May 29, 2022
Within the BS in Psychology there are three tracks available: General, Pre-Professional, and Brain & Cognition. Pre-Professional is designed for students planning a graduate degree while Brain & Cognition provides students with training in experimental psychology. Whichever program students choose, they should consult their advisors and classes should be chosen with occupational goals in mind. Students planning on graduate school should choose classes related to that area of specialization.
Electives may be chosen from psychology courses not required within the core concentration requirements, or those approved by the advisor/chair, to meet the minimum of 40 credits in psychology.
Majors are required to take the Major Field Test in Psychology. The exam assesses the following areas: memory and thinking, sensory and physiology, developmental, clinical and abnormal, social, and measurement and methodology.
Students graduating with a Bachelor of Science degree in Psychology at Andrews University must complete 27 credits from courses numbered 300 or above. Transfer courses taken at the lower division level will not count towards the upper division requirement.
Field Experience and a reading knowledge of a foreign language are strongly recommended, particularly for students who plan to take graduate studies in Psychology
In the Behavioral Sciences, the computer is an indispensable tool for collecting and working with data, accessing scientific reports, and for writing and critical thinking. As a result, the Department of Behavioral Sciences requires students to have a laptop computer in order to meet the requirements of the curriculum. Students are responsible for maintaining their computer with the required software appropriate for the courses they are enrolled in as they progress through the curriculum. Use of the computer varies by course.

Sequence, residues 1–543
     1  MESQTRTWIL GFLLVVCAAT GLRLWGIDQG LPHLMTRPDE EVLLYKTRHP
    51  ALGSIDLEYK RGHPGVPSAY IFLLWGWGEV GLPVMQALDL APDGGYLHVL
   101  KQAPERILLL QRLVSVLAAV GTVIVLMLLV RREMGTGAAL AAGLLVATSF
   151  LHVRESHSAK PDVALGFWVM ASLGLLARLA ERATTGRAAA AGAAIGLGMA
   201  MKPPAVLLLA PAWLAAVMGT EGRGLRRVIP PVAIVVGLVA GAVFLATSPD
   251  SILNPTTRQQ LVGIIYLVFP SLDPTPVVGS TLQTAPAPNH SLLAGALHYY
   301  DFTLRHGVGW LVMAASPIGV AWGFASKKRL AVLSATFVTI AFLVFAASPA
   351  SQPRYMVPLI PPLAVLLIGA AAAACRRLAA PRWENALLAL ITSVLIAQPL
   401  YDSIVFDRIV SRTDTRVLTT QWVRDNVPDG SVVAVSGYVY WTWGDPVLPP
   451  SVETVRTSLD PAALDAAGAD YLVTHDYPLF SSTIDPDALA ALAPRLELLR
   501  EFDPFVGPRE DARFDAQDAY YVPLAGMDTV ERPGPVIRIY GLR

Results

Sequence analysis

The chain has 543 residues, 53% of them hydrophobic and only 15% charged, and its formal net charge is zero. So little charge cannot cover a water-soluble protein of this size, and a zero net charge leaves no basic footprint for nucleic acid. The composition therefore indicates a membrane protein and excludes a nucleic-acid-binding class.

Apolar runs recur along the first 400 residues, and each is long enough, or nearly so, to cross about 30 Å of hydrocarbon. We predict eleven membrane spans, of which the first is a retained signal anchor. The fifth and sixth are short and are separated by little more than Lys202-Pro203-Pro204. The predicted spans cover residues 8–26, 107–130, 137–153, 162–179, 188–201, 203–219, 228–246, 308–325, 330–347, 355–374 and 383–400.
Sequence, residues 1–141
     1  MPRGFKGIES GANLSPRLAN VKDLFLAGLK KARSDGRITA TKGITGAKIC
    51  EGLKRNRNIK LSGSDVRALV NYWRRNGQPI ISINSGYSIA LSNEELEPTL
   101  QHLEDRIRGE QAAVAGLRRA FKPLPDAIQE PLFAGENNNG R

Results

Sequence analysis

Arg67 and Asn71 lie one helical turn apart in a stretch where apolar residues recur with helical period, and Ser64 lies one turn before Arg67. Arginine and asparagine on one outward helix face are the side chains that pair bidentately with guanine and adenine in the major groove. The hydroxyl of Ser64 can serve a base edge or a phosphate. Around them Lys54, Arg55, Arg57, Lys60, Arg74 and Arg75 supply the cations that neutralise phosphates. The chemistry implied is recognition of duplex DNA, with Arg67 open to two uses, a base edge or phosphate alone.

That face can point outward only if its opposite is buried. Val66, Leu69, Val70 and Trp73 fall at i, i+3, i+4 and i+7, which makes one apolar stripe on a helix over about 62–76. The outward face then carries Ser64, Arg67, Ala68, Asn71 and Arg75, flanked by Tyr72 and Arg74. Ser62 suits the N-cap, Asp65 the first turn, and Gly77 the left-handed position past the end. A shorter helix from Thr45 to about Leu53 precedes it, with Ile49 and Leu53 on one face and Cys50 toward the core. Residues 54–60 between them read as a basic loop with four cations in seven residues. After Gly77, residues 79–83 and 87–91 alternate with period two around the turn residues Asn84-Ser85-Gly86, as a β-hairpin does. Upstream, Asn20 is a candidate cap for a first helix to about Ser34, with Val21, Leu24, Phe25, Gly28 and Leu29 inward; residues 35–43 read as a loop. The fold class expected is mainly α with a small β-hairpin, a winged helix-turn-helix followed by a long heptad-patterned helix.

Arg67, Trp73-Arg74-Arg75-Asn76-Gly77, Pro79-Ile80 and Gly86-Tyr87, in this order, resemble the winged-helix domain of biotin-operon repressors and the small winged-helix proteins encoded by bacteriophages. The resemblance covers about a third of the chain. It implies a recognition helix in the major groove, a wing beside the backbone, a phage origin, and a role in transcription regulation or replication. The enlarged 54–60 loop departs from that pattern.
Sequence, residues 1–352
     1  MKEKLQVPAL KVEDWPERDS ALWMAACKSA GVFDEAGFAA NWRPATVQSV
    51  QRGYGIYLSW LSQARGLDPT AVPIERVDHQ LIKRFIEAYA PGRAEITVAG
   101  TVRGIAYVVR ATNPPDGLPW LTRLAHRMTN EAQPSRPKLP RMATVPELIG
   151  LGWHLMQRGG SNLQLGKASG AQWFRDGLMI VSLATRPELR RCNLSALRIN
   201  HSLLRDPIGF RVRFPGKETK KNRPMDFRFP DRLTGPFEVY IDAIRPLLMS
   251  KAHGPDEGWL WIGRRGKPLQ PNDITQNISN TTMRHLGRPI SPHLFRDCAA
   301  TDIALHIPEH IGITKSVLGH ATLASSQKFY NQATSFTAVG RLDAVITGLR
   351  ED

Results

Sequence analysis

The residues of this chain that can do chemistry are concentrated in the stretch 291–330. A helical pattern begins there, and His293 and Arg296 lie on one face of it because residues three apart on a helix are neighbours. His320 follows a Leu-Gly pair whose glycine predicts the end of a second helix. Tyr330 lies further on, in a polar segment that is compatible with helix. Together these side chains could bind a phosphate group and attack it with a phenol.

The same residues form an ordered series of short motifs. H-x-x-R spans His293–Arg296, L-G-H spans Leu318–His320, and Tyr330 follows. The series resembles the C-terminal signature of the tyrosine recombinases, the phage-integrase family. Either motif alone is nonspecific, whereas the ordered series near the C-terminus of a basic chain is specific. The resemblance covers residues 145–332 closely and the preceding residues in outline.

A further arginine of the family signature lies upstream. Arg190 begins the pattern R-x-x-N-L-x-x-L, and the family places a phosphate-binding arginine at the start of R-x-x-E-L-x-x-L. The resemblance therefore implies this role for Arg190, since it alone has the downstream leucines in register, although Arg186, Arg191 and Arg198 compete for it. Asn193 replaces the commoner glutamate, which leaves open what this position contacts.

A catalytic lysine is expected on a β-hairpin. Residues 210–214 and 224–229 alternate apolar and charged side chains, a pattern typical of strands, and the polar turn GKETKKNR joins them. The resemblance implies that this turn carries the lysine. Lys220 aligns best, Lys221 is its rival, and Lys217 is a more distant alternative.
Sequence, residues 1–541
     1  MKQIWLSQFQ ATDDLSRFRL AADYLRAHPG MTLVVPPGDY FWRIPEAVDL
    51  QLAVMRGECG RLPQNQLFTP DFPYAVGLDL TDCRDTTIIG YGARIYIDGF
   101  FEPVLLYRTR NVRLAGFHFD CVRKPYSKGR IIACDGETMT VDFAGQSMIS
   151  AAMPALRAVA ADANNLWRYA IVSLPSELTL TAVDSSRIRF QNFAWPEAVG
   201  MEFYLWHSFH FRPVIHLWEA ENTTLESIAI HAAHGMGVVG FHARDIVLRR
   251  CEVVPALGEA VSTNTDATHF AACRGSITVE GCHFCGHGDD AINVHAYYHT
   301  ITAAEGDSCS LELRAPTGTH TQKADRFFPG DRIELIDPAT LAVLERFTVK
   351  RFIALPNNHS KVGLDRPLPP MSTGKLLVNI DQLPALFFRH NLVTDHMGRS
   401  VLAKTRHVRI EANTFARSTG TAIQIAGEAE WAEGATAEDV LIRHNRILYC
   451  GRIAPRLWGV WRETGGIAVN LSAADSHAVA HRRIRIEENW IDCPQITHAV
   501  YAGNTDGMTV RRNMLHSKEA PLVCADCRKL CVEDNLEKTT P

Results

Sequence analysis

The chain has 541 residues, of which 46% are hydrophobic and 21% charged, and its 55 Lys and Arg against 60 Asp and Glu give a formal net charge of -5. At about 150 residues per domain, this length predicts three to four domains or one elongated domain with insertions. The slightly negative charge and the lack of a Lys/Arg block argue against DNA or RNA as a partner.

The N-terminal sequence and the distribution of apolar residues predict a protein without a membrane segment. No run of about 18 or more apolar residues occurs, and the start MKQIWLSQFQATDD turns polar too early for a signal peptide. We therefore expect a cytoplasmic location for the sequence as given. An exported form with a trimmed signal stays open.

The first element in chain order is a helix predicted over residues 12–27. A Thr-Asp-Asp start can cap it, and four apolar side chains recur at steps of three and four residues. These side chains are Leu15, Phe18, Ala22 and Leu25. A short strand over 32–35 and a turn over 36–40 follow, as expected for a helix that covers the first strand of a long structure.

For those interested in occupational therapy, the following classes are often required for entry into occupational therapy programs:
Psychology: PSYC 101 - Introduction to Psychology , PSYC 301 - Human Development , PSYC 450 - Social Psychology
Statistics: BHSC 230 - Research Methods I: Statistics for the Behavioral Sciences , PSYC 434 - Research Methods IV: Advanced Statistical Analysis and SPSS
Research Design: PSYC 432 - Research Methods II: Introduction , PSYC 433 - Research Methods III: Advanced Research Design
Sociocultural: SOCI 119 - Principles of Sociology , ANTH 200 - Cultural Anthropology
Anatomy and Physiology: BIOL 221 - Anatomy and Physiology I , BIOL 222 - Anatomy and Physiology II ,
English: ENGL 115 - College Writing I , ENGL 215 - College Writing II
Some programs may want a class (or classes) in other areas such as Biology, Chemistry, Physics, or others. If you know which program(s) you may be interested in for graduate school, it is a good idea to look at their program and see which prerequisite classes they require. It is recommended that students consult with their advisors in regards to which courses should be taken.
Student Learning Outcomes
At the end of the program a student will be able to:
- Think critically about human thought and behavior in individuals, sociocultural and ecological systems
- Select credible sources of evidence from the behavioral sciences, and specifically in the area of psychology science
- Conduct effective research projects from design through data interpretation
- Apply ethical standards to scholarship and practice in Psychology
- Apply principles and skills from Psychology to serve their communities
- Write effectively about theories, data, and practice in Psychology
- Speak effectively about theories, data, and practice in Psychology
- Prepare a professional plan for life after graduation
- Apply principles from Psychology to understand and influence the development of faith across the life span
- Know the key themes in relevant disciplines in Psychology